National Bullying Prevention Month: Schools battle ‘culture of silence’
By J.R. Williamsjrw@familysignal.com
Michigan was ranked this month as the worst in the nation for bullying, but more public school students there are reporting instances of bullying, suicide threats, drugs and assault thanks to a two-year-old violence-prevention program operating statewide.
The OK2SAY program, which encourages students to anonymously report tips through text message, an app or other means, resulted in hundreds of incident referrals in 2015, according to an annual report. The program even helped the authorities thwart a credible school shooting threat, the report says.
The successful program reflects a trend among school systems to combat bullying by making it easier to report incidents, and could serve as a model for other districts looking for ideas during National Bullying Prevention Month. The Signal first reported on OK2SAY last fall, when officials were seeing encouraging signs of the nascent program’s success. With engagement increasing, Michigan Attorney General Bill Schuette is calling for the program to be extended past its scheduled sunset date of Oct. 1, 2017.
“I think it’s significant,” Schuette said in a Sept. 15 interview with MLive.com. “The challenges that children face today are a lot different and varied and sometimes more intense. It’s the social media buzz. … Now it’s not just something you say in the schoolyard playing kickball. Now somebody can put something on Instagram, Facebook and Twitter and it goes viral all over the place. That’s the difference.”
Michigan, which WalletHub.com recently ranked as worst in the nation for bullying, has aggressively promoted the program as combating the “culture of silence” on school campuses. OK2SAY works to remove the barriers that would prevent a child from speaking up. Through the work of teachers, administrators and program staff working on awareness efforts and student engagement, OK2SAY continues to bear fruit.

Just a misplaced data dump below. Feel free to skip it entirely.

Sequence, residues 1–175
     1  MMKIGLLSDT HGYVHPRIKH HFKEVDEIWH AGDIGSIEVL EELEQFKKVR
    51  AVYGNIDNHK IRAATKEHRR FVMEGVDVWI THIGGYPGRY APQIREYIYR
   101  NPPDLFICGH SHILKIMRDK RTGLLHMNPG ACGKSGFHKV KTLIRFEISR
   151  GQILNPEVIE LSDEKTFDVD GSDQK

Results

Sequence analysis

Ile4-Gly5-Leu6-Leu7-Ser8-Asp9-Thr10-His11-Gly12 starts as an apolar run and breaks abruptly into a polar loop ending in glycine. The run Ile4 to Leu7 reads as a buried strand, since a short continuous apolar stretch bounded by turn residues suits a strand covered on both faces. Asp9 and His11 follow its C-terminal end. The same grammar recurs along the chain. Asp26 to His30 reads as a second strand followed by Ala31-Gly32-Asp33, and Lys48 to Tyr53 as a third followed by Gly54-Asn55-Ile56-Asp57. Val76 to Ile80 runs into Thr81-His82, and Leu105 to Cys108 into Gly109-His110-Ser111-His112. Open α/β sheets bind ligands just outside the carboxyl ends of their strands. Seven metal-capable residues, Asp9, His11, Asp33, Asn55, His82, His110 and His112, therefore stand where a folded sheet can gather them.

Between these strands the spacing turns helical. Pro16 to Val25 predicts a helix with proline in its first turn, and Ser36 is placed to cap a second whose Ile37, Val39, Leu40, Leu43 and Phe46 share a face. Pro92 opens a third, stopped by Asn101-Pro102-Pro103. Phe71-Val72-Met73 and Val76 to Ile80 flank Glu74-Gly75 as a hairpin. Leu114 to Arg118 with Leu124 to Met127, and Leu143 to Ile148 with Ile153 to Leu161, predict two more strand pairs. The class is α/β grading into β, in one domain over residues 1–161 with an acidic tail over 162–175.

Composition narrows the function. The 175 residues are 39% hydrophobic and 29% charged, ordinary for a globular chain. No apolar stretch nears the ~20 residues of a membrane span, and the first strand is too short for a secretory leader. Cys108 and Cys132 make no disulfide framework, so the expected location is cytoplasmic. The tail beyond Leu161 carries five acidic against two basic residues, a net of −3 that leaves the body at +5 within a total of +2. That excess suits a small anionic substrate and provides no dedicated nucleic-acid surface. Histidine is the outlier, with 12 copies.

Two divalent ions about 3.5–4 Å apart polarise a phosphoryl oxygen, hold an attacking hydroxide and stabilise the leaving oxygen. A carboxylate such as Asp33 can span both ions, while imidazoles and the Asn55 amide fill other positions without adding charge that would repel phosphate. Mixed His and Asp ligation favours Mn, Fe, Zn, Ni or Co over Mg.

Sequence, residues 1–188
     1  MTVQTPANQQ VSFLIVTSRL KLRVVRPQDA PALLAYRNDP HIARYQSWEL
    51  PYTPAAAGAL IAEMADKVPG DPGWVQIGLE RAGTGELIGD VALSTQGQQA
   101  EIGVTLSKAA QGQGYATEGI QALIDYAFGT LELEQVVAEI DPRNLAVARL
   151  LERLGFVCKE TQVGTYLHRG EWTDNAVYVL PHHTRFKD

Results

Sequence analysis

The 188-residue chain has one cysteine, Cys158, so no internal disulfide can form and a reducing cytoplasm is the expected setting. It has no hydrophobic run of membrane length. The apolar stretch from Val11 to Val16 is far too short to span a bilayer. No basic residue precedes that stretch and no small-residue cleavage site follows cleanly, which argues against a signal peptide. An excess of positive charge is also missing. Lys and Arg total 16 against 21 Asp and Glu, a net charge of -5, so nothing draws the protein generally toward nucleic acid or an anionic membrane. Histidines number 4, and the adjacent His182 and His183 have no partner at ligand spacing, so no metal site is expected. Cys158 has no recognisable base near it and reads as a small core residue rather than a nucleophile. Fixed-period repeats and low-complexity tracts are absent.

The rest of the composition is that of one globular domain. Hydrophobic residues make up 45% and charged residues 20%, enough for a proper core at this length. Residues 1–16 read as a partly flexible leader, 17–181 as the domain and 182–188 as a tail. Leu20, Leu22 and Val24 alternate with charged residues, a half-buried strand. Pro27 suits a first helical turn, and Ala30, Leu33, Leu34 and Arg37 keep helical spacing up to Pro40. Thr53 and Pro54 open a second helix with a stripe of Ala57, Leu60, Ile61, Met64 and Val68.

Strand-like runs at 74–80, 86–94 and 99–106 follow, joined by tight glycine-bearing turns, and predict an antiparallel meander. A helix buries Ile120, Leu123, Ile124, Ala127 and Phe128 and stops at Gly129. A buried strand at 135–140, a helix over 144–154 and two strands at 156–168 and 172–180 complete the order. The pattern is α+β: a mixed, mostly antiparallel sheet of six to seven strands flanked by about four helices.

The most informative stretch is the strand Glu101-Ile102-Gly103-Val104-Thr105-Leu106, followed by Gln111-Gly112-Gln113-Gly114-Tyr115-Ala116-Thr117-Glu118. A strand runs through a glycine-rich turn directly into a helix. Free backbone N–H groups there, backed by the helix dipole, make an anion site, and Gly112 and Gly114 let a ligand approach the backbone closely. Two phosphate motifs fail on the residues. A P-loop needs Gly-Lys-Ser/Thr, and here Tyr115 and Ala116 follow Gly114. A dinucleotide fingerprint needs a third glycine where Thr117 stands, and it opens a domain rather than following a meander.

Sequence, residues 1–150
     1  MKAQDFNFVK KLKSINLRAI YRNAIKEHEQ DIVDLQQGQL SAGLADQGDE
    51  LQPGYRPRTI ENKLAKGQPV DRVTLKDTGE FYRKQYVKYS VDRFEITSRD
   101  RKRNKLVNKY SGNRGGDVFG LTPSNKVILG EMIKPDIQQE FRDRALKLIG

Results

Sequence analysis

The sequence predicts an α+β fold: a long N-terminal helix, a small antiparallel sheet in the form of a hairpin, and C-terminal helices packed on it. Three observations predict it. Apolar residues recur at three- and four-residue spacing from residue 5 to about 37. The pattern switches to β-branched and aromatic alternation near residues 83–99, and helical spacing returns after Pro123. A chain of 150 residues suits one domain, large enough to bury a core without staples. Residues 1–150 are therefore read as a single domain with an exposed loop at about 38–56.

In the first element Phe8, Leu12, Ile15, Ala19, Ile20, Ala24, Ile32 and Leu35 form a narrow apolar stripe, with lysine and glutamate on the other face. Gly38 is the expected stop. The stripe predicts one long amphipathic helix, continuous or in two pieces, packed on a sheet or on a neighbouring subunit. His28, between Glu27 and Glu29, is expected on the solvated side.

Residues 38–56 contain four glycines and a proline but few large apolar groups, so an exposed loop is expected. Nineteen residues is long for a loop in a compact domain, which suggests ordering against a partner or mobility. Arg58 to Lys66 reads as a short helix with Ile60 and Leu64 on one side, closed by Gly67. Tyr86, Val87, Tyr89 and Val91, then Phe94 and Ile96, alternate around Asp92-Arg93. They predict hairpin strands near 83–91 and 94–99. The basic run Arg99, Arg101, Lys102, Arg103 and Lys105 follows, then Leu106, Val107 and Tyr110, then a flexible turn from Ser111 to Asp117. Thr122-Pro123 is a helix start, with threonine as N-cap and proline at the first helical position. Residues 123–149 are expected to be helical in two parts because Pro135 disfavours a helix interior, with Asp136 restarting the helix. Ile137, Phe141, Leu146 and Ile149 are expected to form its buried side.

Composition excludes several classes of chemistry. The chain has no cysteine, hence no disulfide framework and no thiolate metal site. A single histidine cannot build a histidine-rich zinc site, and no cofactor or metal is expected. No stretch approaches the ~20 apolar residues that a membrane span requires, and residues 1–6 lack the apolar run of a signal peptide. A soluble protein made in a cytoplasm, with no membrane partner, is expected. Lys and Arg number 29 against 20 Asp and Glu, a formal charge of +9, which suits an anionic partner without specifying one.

In 2015, OK2SAY collected more than 500 bullying tips, by far the largest category of report. In one instance, according to the report, a “bystander” used OK2SAY to alert officials that someone was being bullied verbally and physically on a school bus. That prompted the school to aid the student and involve the parents of both the victim and the bully.
The tipster acted out of concern that the bullying “might lead the victim to self-harm or suicide,” the report says.
When a student posted a video “bragging about a plan to go on a killing spree at school,” someone reported it through OK2SAY. Law enforcement officers investigated and determined it was a credible threat from a student who had a plan and access to weapons, the annual report says. That student was expelled and charged with a crime.
The number of reported tips is increasing. In a four-month period in 2015, tips were up 122 percent. Bullying reports increased from 174 to 348, the report says.
OK2SAY was modeled after a similarly successful reporting program in Colorado called Safe2Tell that was founded after the 1999 Columbine High School shooting. The state took over Safe2Tell after 10 years of nonprofit operation. Like its Michigan counterpart, Safe2Tell keeps the tipster’s identity anonymous and provides multiple channels to submit reports.
“Students know, long before adults do, what’s occurring in their schools and communities — including fighting and bullying, substance abuse, dangerous and concerning behaviors, threats, depressions, suicide and self-injury, either witnessed in person or observed online,” the Colorado Attorney General’s office said in a recent report.
The similarities between the two programs are telling. In Colorado, bullying also makes up the largest share of submitted tips. In 2014, Safe2Tell collected more than 3,000 bullying reports, followed by suicide interventions (2,157), drug or alcohol reports (1,925), and threats of violence (641).
“We’re trying to change this whole culture of don’t be a snitch, don’t be a narc to a culture of responsibility where we all have to take care of each other,” Schuette told MLive.com. “It’s a way to stop violence before it occurs.”
The top 10 states with a bullying problem, according to WalletHub:
- West Virginia
- South Carolina